How to Convert a Decimal to a Fraction OR

How to Convert a Decimal to a Fraction OR


How to Convert a Decimal to a Fraction

Fractions are relatively easy to convert one-to-one into decimals and vice versa. The process is basically the same as converting 0. 7 and 0. 3 into fractions.



It’s important to know how to do this in order to work with different number forms in the workplace. For instance, David, a student in Chad’s class, is a machinist. Machinists produce metal parts with a precision of up to one one-thousandth of a inch. If you are continuously working in decimals, you might forget how to work with fractions, so David wants to know how to change those decimals into fractions. The best way to illustrate how to do this is simply with an example.

This is up to you. This could be fourths, eighths, sixteenths, or thirty-seconds. The most common way would be to change the decimal of an inch into sixteenths. This is done by multiplying the decimal of an inch by the number in the denominator of whichever fraction you are working towards. For our example, we are looking to convert the decimal into sixteenths, so we multiply it by 16. (Source: opentextbc.ca)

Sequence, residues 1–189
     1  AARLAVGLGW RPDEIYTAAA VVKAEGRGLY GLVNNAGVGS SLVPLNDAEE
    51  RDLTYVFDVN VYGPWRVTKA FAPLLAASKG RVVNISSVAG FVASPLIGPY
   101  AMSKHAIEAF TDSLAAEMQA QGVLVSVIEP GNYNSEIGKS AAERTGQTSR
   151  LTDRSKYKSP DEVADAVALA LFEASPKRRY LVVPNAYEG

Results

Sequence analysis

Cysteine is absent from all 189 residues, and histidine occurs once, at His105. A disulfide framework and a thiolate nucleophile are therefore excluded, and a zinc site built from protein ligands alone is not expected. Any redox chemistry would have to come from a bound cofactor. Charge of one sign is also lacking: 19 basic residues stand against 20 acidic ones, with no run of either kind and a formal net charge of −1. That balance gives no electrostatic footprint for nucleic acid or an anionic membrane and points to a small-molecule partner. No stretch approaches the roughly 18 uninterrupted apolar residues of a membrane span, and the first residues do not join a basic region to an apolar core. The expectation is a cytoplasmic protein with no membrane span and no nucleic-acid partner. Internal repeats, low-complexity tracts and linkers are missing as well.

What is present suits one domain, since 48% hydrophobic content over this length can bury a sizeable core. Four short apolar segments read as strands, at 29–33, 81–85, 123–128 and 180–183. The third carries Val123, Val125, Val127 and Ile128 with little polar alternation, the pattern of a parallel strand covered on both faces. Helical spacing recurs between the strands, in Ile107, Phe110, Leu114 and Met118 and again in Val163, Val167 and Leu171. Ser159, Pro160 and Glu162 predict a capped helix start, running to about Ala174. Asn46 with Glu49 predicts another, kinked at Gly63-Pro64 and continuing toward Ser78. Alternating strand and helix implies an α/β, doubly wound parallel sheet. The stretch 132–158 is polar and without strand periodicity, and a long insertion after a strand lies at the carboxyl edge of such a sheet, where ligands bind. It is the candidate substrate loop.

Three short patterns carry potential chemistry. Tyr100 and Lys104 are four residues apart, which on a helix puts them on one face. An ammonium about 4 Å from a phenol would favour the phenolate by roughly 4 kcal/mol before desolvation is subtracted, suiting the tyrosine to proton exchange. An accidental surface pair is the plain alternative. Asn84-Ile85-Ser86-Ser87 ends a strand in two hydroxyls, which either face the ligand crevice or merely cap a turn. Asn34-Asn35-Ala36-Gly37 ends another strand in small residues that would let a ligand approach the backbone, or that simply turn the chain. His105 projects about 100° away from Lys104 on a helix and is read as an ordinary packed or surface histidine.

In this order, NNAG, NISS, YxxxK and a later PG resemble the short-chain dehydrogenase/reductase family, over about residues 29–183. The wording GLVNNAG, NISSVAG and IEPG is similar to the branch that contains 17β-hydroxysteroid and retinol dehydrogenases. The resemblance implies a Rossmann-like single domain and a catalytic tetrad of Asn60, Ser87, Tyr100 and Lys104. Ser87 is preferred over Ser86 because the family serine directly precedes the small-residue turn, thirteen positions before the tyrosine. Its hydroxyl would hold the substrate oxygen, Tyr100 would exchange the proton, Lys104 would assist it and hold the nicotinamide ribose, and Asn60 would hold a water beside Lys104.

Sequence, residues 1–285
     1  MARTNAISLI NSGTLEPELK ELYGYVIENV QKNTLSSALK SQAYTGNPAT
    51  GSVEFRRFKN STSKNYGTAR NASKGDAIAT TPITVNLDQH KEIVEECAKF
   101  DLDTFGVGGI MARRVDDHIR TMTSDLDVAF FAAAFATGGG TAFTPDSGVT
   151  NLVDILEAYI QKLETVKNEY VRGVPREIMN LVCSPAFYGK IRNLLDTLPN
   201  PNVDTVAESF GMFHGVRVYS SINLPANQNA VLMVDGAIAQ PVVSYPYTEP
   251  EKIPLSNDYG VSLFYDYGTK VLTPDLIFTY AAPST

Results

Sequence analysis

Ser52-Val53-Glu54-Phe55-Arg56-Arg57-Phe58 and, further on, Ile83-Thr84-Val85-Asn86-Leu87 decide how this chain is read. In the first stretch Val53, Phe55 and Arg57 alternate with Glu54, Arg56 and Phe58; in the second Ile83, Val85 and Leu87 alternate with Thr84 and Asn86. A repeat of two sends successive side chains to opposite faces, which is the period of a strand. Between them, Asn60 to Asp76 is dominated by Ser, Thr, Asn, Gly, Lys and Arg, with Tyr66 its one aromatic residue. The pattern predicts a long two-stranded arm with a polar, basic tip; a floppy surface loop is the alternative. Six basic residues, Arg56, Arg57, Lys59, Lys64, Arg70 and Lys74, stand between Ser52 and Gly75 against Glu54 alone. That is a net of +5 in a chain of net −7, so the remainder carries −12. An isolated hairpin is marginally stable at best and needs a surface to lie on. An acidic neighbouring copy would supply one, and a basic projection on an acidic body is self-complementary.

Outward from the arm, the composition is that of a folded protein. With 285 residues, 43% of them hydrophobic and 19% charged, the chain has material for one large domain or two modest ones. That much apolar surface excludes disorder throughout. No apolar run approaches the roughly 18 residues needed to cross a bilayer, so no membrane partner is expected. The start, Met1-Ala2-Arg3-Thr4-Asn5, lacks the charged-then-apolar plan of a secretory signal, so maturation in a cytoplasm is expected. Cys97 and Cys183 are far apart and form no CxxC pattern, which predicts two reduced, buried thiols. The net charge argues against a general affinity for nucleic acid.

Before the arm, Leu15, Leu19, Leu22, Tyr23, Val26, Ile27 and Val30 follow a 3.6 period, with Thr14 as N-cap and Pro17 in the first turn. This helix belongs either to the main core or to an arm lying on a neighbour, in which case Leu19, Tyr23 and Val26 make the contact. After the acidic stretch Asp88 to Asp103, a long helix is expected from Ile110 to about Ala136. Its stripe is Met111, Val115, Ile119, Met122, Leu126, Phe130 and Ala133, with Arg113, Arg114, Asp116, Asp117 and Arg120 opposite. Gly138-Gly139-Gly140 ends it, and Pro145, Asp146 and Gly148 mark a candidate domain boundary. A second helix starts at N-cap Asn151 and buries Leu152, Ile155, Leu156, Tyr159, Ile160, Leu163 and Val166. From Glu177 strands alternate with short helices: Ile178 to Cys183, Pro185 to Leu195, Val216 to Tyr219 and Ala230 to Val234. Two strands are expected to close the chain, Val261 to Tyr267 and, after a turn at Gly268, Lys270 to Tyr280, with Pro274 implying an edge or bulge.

To convert a fraction into a decimal, you perform long division by dividing the numerator by the denominator. This process works for converting both proper and improper fractions into decimals. If you have a mixed number, you can convert it into a decimal by performing long division on just its fraction component, and then add that answer to the whole number component of the mixed number.

Our answer from the long division tells us that 5/8 in decimal form is 0.625. This process for converting a fraction to a decimal works not just with proper fractions, but with improper fractions as well. However, if you have a mixed number, you do not need to convert it to an improper fraction before converting it to a decimal. Instead, you just convert the fraction part of a mixed number to a decimal and then add the whole number part of the mixed number to it. (Source: study.com)


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